Independent contractors typically have to carry their own workers’ compensation insurance. However, signing an independent contractor agreement does not necessarily prove that you are an independent contractor or that you have waived your right to prove that you are an employee.
Based on Colorado’s Workers’ Compensation Act, you are considered a company employee unless you are:
- Free from control and direction in the performance of services.
- Customarily engaged in an independent trade, occupation, profession, or business related to the provided service.
To determine if you are “free from control or direction,” you have to ask yourself:
- Does someone tell you when or how to do your job?
- Does someone else provide the tools or equipment to do your job?
Finally, in some cases, you can sue a property owner or a lessee if you get hurt on their property while on the job. You can also file suit against an equipment manufacturer if you have been hurt by their defective equipment.
FREQUENTLY ASKED QUESTIONS WITH WORKERS’ COMPENSATION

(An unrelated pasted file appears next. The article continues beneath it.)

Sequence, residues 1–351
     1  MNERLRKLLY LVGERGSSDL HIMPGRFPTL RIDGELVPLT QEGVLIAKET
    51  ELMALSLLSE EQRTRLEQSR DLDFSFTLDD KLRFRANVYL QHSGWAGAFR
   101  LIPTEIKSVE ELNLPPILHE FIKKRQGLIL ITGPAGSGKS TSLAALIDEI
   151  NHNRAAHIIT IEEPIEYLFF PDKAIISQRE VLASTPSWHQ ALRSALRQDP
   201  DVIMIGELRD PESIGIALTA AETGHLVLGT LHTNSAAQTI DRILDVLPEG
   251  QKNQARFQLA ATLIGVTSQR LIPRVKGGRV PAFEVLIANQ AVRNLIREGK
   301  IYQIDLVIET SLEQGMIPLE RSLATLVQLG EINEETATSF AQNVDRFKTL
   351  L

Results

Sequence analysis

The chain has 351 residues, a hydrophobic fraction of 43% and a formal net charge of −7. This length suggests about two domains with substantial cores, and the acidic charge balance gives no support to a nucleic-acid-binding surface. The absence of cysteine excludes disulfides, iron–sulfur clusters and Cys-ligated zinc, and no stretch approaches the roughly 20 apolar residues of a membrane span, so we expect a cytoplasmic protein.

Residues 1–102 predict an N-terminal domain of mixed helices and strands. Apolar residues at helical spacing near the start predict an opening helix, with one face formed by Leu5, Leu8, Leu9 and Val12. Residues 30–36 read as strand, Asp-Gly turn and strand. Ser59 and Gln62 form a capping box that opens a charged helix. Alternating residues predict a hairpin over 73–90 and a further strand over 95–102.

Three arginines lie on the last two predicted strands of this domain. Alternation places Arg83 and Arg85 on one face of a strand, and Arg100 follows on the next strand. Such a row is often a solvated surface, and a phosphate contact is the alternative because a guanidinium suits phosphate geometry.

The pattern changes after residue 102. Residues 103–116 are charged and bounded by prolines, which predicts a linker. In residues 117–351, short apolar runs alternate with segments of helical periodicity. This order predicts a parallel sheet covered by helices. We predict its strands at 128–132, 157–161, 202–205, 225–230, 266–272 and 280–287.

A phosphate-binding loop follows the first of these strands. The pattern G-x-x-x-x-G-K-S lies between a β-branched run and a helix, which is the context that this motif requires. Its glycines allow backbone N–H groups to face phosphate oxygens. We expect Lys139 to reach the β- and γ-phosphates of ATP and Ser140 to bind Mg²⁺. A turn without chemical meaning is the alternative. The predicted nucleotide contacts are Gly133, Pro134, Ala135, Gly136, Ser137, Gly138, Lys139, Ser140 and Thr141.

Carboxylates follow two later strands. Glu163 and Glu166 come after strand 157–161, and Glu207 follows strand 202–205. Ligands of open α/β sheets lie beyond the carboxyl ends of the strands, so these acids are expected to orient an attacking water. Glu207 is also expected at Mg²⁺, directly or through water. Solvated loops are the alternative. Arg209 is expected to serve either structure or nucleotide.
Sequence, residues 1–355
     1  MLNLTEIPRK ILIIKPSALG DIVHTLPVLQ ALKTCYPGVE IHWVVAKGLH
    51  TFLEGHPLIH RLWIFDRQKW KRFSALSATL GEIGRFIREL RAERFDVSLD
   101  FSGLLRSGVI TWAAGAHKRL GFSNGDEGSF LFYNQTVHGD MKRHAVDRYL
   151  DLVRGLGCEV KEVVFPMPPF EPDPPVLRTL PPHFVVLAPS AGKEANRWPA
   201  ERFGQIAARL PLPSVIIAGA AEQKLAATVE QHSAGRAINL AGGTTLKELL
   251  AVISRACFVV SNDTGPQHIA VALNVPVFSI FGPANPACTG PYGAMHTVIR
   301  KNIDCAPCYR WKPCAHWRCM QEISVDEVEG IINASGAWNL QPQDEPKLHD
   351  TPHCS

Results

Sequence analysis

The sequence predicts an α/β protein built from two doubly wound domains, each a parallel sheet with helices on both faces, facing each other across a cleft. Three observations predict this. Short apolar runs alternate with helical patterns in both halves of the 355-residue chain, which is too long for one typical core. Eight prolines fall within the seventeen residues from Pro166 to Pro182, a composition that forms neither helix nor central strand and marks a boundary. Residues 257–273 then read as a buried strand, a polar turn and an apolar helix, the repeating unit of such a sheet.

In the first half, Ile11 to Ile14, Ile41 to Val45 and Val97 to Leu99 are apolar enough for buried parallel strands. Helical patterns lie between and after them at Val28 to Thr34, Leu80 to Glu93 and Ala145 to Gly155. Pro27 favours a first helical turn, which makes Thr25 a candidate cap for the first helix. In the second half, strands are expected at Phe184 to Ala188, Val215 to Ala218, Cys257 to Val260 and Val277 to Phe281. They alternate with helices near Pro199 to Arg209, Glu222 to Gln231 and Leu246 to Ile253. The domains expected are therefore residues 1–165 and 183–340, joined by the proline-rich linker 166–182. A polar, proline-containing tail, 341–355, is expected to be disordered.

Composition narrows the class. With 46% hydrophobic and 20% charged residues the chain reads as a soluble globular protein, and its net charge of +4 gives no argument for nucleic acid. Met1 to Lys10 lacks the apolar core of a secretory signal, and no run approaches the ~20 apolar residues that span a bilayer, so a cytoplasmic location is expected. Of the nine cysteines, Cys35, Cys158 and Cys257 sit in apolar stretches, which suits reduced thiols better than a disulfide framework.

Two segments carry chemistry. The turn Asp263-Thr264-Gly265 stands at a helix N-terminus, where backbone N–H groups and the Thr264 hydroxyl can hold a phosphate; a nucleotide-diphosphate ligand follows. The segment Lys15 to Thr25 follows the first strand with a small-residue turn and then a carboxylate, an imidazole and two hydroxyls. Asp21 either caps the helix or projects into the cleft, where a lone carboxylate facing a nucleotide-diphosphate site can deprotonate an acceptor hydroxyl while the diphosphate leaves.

There are dozens of other rules, restrictions, and rights associated with workers’ compensation in Colorado. To help make sense of it, we have compiled an exhaustive FAQ HERE here to help answer any questions. But it is not the same as speaking with one of our experienced Colorado workers’ compensation lawyers.
If you get hurt at work, the most important thing to do right away is to get medical attention. The clock on your claim starts ticking as soon as you are injured, so report it immediately. Do not jeopardize your health, your job, or your finances. Fill out a FREE Case Evaluation form today or call us before it is too late to discuss your situation with a workers’ compensation attorney!